Sometimes the terms “wrongful termination” and “retaliation” are tossed around in the context of employment lawsuits, but there is often a fundamental misunderstanding of what these mean in legal terms. wrongful termination Los Angeles

What they do not mean is simply “unfair” actions by an employer. California is an at-will employment state, meaning employers can fire you for any reason at any time – with or without cause. The employer doesn’t need a “good reason.” However, there are exceptions – primarily as outlined in the California Fair Employment and Housing Act.

Wrongful termination occurs when an employee is fired for an impermissible or unlawful reason. There are a long list of exceptions to the at-will employment rule, and they include termination based on things like gender, race, nationality, religion, pregnancy, age, disability/medical condition and sexual orientation. It can also include termination for filing complaints about workplace health and safety or employee injuries.

Wrongful termination can be a form of retaliation, which occur when adverse action is taken against an employee for reporting a company’s violation state Labor Code and other laws. Continue reading

Working mothers in California will soon have stronger support for workplace lactation accommodation. Starting Jan. 1, 2020, employers must provide lactating mothers with a place that is private, secure and close to their workstation in order to pump. Additionally, the room must be equipped with a chair as well as a table or shelf to store their pumping equipment, along with access to electricity, running water and a refrigerator or cooler in which to store their milk. These must all be close to their workstation. lactation accommodation lawyer

As our Los Angeles employment attorneys have been made aware, too many new mothers have been forced to express milk in a restroom, closet, vehicle or other location that isn’t ideal. Research shows that lack of a proper lactation space is especially a hardship among lower-income workers of color.

This new measure mandates companies to inform their workers of their right to express breast milk on-the-job, as well as provide the space and adequate time for it. Any violations of these rights must be reported to the state’s Labor Commissioner’s Office. Continue reading

The City of San Diego is on the hook for $565,000 to a former employee who was reportedly demoted in retaliation for complaining about a supervisor who pressured him to become more religious and chastised him for being being a “non-believer” in the Christian faith. religious discrimination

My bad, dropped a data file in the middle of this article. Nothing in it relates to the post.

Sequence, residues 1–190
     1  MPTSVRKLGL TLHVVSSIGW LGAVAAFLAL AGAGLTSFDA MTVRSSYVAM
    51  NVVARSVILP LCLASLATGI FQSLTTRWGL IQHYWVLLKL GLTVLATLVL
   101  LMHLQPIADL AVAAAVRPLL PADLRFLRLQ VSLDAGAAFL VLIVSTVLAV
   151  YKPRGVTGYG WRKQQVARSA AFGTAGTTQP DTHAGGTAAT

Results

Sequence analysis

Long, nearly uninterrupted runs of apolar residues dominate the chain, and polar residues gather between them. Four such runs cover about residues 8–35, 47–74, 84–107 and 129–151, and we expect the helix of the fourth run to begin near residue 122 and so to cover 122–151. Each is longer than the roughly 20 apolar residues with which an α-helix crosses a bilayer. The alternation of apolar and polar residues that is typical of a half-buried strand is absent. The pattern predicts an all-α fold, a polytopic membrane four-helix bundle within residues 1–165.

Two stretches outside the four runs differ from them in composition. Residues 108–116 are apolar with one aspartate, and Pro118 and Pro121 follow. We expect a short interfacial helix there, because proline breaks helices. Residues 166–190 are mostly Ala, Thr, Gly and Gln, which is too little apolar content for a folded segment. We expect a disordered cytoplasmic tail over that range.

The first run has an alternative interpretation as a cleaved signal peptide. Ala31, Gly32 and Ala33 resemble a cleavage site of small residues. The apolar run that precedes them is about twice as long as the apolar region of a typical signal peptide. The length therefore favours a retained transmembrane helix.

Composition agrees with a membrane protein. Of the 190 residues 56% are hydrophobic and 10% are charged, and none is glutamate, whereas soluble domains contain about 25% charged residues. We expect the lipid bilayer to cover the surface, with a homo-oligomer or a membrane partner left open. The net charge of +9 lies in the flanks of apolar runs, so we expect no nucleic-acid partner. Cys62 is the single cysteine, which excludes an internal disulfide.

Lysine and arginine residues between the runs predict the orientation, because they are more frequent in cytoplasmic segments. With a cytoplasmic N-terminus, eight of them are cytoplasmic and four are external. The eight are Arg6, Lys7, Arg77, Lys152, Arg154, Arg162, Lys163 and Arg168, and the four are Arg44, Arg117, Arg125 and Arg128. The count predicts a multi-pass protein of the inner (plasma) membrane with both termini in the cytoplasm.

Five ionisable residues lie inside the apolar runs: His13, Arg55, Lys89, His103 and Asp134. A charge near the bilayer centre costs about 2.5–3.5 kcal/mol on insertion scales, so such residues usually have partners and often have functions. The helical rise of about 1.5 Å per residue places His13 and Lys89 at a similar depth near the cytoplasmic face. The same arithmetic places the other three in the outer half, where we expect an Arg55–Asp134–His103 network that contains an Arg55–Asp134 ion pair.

According to The San Diego Union-Tribune, this same supervisor was the subject of complaints from other workers who were urged to attend church services, told non-believers would “go to hell” and expressed her view that those supporting same-sex marriages are not “children of God.”

The city’s lawyers agreed to settle the case rather than appeal an earlier federal jury verdict finding the city was liable for religious discrimination and retaliation, and ordering plaintiff’s damages and an award of attorney’s fees.

Evidence presented at trial showed that plaintiff filed a grievance against his supervisor for this overt religious pressure in the workplace, prompting an internal investigation. That investigation revealed the complaint had merit – but the city never took action against the supervisor. Instead, the city demoted the worker who filed the grievance, and then transferred him from the clerk’s office to the public utilities department. This new job site, he says, was far less desirable. On top of that, he was stripped of his supervisory title and left in a role with less upward mobility potential. Continue reading

Hiring is an integral but time-consuming, expensive and often tedious process with which every company must contend. In looking for ways to cut down on exhausting searches, an increasing number of companies are turning to artificial intelligence (AI) systems to help more quickly identify qualified candidates. This can prove especially beneficial for firms that need to cut through a huge influx of potential applications. age discrimination attorney

However, there is growing concern that such AI application systems may be perpetuating some forms of discrimination, particularly age, gender and race. This is in spite of tech companies insisting that their systems are designed to root out long-existing human biases.